Back in August, Edible Geography tried to imagine what other shapes meat might take, if it were freed from the deeply ingrained socio-cultural traditions of meat preparation. The ensuing comments expressed a nostalgia for lost meat diagrams, and also directed me to this article, from Science Daily, which reports on ancient butchering practices extrapolated from a 200,000 year-old bone.
IMAGE: A bone from the Qesem Cave showing irregular cutmarks (Photo by Dr. Mary Stiner)
The article describes the work of archaeologists from Tel Aviv University and the University of Arizona who have been studying cut marks on late Lower Paleolithic period animal bones from Qesem Cave in Israel. Their findings, recently published in the Proceedings of the National Academy of Sciences, conclude that the number and placement of these cut marks offer archaeological evidence of an alternative, earlier, and less specialised form of meat preparation. According to Professor Avi Gopher of Tel Aviv University’s Department of Archaeology:
From 200,000 years ago to the present day, the patterns of meat-sharing and butchering run in a long clear line. But in the Qesem Cave, something different was happening.
The cut marks we are finding are both more abundant and more randomly oriented than those observed in later times, such as the Middle and Upper Paleolithic periods [...] suggesting that more (skilled and unskilled) individuals were directly involved in cutting meat from the bones at Qesem Cave.
For the past 200,000 years, in other words, the butchering of large animals has been done by one or two individuals in a community, who were specially trained to carry out a relatively ritualised series of tasks. Prior to that, the bones at Qesem seem to show, meat cutting was more of an ad-hoc free-for-all.
IMAGE: Butchery amateur Samantha Tripodi takes a class at Avedano’s Holly Park Market. (Photo by Claudine RL Co, for the New York Times)
What makes this report so interesting, though, is not just the particular evolution of butchering techniques, but rather the implications of those changes for human culture and social behaviour. As Dr. Gopher and his colleagues note, “butchering guides many of the formalities of meat distribution and sharing that follow.” As yet, no one knows exactly how the community at Qesem was organised – but these striated bones provide a tantalising indication of a quite different social structure.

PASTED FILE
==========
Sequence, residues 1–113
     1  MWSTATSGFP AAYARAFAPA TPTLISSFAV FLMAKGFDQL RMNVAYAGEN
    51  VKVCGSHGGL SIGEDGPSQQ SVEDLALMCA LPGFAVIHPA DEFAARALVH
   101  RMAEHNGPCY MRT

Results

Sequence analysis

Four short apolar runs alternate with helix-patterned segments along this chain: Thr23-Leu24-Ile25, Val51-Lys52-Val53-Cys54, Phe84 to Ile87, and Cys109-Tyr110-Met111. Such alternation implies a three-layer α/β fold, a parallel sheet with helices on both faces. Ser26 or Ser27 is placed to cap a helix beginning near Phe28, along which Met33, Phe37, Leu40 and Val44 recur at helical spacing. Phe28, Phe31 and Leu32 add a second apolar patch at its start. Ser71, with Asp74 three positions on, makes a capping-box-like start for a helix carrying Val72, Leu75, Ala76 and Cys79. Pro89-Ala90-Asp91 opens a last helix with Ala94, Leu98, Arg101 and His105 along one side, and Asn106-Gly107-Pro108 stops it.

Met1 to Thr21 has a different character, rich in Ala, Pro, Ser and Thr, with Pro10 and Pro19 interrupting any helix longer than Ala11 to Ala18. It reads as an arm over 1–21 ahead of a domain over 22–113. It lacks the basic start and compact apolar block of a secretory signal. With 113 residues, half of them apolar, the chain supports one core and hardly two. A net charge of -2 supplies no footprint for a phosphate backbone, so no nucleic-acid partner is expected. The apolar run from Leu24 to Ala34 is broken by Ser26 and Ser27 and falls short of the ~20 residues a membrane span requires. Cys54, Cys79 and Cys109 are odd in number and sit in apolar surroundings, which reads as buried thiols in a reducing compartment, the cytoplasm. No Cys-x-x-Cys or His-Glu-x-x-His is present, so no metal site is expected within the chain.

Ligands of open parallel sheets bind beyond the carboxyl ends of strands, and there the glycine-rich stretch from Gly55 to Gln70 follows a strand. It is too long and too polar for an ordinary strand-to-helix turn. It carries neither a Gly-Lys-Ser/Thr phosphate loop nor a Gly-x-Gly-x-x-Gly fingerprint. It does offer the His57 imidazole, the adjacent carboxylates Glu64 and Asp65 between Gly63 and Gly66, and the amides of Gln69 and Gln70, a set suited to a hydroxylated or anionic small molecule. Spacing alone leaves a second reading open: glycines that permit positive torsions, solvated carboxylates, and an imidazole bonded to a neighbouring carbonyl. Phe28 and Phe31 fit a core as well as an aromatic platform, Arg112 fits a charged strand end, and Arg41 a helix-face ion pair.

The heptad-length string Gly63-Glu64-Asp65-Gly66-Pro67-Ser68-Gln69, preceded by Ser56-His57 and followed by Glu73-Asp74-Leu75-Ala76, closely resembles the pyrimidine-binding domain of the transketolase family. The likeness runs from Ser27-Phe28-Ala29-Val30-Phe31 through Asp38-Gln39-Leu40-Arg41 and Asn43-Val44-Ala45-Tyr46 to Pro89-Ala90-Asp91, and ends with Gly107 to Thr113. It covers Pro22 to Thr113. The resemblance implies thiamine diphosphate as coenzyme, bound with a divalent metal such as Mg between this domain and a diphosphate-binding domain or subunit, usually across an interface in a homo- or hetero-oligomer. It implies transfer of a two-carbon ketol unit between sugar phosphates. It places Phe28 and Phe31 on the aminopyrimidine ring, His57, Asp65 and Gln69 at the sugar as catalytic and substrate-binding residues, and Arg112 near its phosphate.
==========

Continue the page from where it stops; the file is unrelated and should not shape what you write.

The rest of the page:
The Qesem Cave bones, then, are the negative archaeological imprint of otherwise lost rituals, traditions, and social relations – they are the shadow left by an invisible anthropological history.
IMAGE: Another meat diagram (we aim to please), found via @itweetmeat
As it turns out, meat archaeology is a thriving sub-field of the discipline, with animal bones providing what is in some cases our only guide to earlier economic and cultural practices. Faunal analysis, as the archaeological identification and interpretation of animal bones is technically known, can provides insights on topics as varied as the influence of climate change on hunting strategy, the socio-economic class stratification of ancient cities, or the belief systems of lost civilisations.
IMAGE: Slaughterhouse machines, manufactured by the Qingdao Chuanyi Diatomite Co., Ltd.
I can’t help but wonder what the faunal analysts of the future will make of our animal bone record. The vast majority of meat carcasses in the United States, for example, are processed industrially, and the bones are subsequently ground up to be used as fuel, fertiliser, cosmetics, china, and more, leaving no trace of their identical, machine-made cut marks. Meanwhile, the New York Times recently reported on the rising popularity of “D.I.Y. butchering” in foodie meccas such as San Francisco and Brooklyn, which will presumably result in isolated micro-middens of Qesem cave-like bones, scarred by amateur, random cuts.
The stories these bones (both absent and present) tell about our economic and cultural values are rich indeed.